Warm hands, warm heart - how physical and emotional warmth are linked

Not Exactly Rocket Science
By Ed Yong
Oct 26, 2008 7:00 PMJul 12, 2023 6:22 PM


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We will readily describe a person's demeanour as "warm" or "cold" but this link between temperature and personality is more than just a metaphorical one. A new study shows that warming a person's fingertips can also bring out the warmth in their social relationships, pushing them to judge others more positively and promoting their charitable side.

Lawrence Williams at the University of Colorado and John Bargh from Yale University managed to influence the behaviour of a group of 41 volunteers without them knowing it by giving them something warm to hold. When the recruits arrived at the psychology building, a colleague (who wasn't aware of the experiment's goals) escorted them to the laboratory and asked them to hold a cup of coffee for her along the way. Once in the lab, they had to read a description of a stranger and rate them on 10 different personality traits.

The cups of coffee were the key element. Half were hot and half were iced, and the volunteers' brief contact with the cups was enough to sway their later impressions. The recruits whose hands were heated by their cups rated the stranger as having a warmer personality than those who held the cold cups. On average, they gave him a score of 4.7 on a scale of 1 to 7, while the cool-handed people gave average scores of 4.3.

The difference was small but statistically significant, and it wasn't just a symptom of a generally improved mood brought on by a steaming cup of java. After all, Williams and Bargh also found that the temperature of the coffee cups had no bearing on how the recruits judged the stranger along personality traits unrelated to warmth of personality. There was, however, a small chance that the accomplice was subtly influencing the volunteers' behaviour since she too had clutched the cups of coffee.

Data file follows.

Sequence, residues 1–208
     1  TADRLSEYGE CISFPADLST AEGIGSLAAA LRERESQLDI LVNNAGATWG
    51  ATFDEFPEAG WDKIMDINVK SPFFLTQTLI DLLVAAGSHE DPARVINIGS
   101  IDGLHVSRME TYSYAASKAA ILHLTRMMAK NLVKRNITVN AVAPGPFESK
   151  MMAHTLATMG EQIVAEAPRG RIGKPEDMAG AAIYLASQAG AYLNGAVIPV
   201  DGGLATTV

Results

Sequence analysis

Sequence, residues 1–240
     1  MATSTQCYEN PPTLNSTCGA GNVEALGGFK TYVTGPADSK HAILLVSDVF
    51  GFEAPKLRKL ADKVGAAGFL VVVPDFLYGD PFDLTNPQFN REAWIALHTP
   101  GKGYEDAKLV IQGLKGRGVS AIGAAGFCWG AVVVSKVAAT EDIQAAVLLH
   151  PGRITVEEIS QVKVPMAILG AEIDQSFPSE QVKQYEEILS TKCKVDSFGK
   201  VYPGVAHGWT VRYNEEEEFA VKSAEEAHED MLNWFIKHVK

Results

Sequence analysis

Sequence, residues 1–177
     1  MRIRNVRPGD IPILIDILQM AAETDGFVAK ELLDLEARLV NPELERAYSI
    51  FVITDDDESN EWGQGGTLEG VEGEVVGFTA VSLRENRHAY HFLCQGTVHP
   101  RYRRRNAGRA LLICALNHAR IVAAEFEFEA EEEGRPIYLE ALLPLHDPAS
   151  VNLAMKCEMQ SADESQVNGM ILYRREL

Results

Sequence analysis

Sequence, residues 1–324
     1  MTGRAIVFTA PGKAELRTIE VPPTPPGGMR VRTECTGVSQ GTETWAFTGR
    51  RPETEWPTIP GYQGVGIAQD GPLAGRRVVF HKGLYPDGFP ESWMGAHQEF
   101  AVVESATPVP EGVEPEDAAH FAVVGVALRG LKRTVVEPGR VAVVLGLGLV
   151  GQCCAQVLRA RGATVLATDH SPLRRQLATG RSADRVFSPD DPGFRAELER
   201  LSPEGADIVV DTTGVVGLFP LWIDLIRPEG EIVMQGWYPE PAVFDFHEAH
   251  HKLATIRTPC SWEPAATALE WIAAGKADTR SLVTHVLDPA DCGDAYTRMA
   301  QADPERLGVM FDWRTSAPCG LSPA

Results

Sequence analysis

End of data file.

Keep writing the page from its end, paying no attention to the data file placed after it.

With that in mind, Williams and Bargh gave another group of 53 people an envelope of instructions, asking them to hold a hot or cold therapeutic pad under the premise of evaluating it. Later, when the unknowing volunteers were offered a small reward for their trouble - a bottle of Snapple or a dollar voucher for the local ice-cream parlour - those who touched the hot pads were more likely to give it to a friend than to keep it for themselves. Three-quarters of them chose this charitable option, compared to just 54% of the recruits who held the cold pad.

Together, the coffee and pad experiments show that sensations of can both affect a person's judgment of, and influence their actions towards, other people. In both cases, the recruits made their choices freely and were unaware that they had been subtly manipulated.

The small size of the effect might make it easy to dismiss the result as a kooky psychological curio; after all, in a real-life situation, surely other factors like sense of humour or personal hygiene would have a greater impact on first impressions? Perhaps so, but psychological research has shown that the warm-cold dimension is incredibly important to us when we meet other people. Our first impressions of strangers tend to be based primarily on how warm we think they are and, to a lesser extent, how competent. We make warm-cold judgments quickly and automatically, and they provide us with a quick overview of other important personality traits including friendliness, trustworthiness and helpfulness.

It seems that our minds cope with abstract psychological concepts by rooting them in metaphors based on solid physical experiences Many psychologists claim that this association stems from early infancy when the close embraces of our parents provide us with both body heat and security, forever linking physical and personal warmth in our minds. Later on in life, the heat of a cup of coffee may recall these earlier warm experiences and the feelings of trust and comfort that are associated with them. It works the other way round too - I've blogged before about another study which showed that making someone feel socially excluded can literally make them feel colder.

Neuroscience studies also support the idea of a close link between abstract concepts and physical sensations; some have shown that a part of the brain called the insula is involved in processing feelings of warmth in both their physical and psychological incarnations. Neurons in the right half of the insula are more active the warmer an object is to the touch, and other insula neurons are specialised to deal with feelings on trust and empathy.

Reference: L. E. Williams, J. A. Bargh (2008). Experiencing Physical Warmth Promotes Interpersonal Warmth Science, 322 (5901), 606-607 DOI: 10.1126/science.1162548

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